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IEM Moonshot

VP Jakub Tolar

Yesterday I had the pleasure of celebrating the creation of a new center co-led by the University’s Institute for Engineering in Medicine (IEM). The center is funded by a $26 million grant from the National Science Foundation over five years and brings together collaborators from Massachusetts General Hospital (co-leader), and the University of California (Riverside and Berkley campuses). This is one of only four NSF-funded centers that will be created over the next five years.

The official name is the NSF Engineering Research Center (ERC) for Advanced Technologies for the Preservation of Biological Systems (ATP-Bio). So we’ll be calling it ATP-Bio….

The ambition of ATP-Bio is breathtaking in scope and potential. So much so that its vision―developing and deploying technology to “stop biological time” through temperature control (bio- or cryo-preservation of biological systems)―can be compared to another moonshot. Remember how the space program spun off things like memory foam, freeze-dried food, and scratch-proof lenses? It is that big and comprehensive. Its reach extends from drug discovery to cell therapies to feeding the world through sustainable aquaculture. It includes an educational component to ensure that we have future generations of scientists to carry on the work, and it actively builds and incorporates a culture of inclusion.

The IEM website has fantastic materials about the center (links shown above), so please check it out, watch the video, and learn how your own area of expertise might fit into this picture.

Lastly, I want to say that this is a perfect example of the kind of research ambition that promises to have impact on healthcare, our society, and the world.

Congratulations to IEM and their partners!

Jakub Tolar, MD, PhD
Vice President for Academic Clinical Affairs

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Faculty Research Development Grants Now Open

The Office of Academic Clinical Affairs is soliciting applications for Faculty Research Development grants that will support new or expanding interdisciplinary research that addresses significant clinical issues, is innovative, and has a high potential for return on investment. The deadline to submit a competitive LOI is Sept. 25, 2020.


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Set Up Your UMN Zoom Account Today

Zoom is the University’s online meeting tool, used for everything from delivering course lectures to conducting team meetings. If you are new to the University and haven’t set up your Zoom account, to ensure your access, we strongly recommend that you set up your account at least two days before you need to use it. To set up your account, visit and sign in with your University of Minnesota Internet ID and password. Please note: After you sign in, people who work and study in the Health Sciences and are in the BAA or BAA+ or have access to personal health information will be prompted to take a 10-minute training about how to use Zoom securely. After training is complete, it may take up to one business day before you receive your Zoom account activation link by email.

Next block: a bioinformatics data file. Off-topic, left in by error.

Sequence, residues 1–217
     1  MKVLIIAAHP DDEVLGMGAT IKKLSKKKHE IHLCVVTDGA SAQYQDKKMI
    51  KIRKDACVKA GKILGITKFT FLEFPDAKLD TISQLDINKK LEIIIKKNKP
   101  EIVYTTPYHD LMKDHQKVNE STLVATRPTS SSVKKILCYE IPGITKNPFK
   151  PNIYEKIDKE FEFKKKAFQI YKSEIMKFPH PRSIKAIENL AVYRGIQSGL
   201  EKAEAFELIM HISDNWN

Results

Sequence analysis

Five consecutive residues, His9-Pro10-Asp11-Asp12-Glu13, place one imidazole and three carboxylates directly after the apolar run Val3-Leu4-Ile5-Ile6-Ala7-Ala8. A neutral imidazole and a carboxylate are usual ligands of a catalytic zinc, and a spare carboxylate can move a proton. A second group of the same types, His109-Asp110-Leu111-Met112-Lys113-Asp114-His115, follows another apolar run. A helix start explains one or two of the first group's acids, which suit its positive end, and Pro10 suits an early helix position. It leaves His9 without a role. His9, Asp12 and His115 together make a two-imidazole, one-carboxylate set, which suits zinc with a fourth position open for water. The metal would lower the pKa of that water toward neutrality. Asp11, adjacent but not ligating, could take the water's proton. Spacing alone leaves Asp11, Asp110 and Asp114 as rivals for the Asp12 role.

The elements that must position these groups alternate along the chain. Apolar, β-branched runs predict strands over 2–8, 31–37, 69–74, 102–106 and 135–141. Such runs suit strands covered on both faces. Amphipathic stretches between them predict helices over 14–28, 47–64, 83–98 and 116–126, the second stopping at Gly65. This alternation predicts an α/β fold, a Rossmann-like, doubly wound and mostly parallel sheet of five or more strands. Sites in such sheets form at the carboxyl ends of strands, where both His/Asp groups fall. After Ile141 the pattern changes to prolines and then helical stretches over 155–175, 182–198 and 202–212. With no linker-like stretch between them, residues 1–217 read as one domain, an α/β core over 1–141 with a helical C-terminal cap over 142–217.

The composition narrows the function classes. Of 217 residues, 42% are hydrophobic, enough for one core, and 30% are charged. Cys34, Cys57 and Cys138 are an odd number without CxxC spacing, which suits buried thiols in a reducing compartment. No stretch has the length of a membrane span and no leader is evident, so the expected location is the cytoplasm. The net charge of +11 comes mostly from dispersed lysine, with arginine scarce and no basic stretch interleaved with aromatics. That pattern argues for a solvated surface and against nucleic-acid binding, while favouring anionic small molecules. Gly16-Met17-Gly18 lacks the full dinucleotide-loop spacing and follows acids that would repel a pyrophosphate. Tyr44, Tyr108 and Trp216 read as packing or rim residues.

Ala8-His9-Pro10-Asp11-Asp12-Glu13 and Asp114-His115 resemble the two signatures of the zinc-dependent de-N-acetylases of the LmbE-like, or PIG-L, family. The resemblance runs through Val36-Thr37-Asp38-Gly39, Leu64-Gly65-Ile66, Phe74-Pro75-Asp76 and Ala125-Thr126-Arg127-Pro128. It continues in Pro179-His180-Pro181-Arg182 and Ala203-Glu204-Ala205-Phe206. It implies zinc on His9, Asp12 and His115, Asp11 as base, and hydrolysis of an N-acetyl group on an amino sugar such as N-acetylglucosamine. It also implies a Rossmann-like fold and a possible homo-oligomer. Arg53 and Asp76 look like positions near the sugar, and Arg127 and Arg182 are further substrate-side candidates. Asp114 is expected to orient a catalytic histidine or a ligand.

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Ghana NGO Partnership

The Center for Global Health and Social Responsibility (CGHSR) is partnering with the Medical and Surgical Skills Institute (MSSI) in Ghana to deliver online COVID-19 training. The MSSI is a health training center based in Ghana that provides medical and surgical skills training using modern equipment and technology in order to advance health care in West Africa.


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When the COVID-19 pandemic hit, the staff at the Center for Resuscitation Medicine quickly realized that CPR training came to a hard stop—and they knew they needed to find an alternative to the vital face-to-face trainings. Through its partnership with the Office of Academic Clinical Affairs, the Center for Resuscitation Medicine is committed to advancing research, education and community engagement—and is a first of its kind center in the U.S. dedicated to innovative research, world-class training and clinical leadership to improve outcomes for sudden cardiac arrest.

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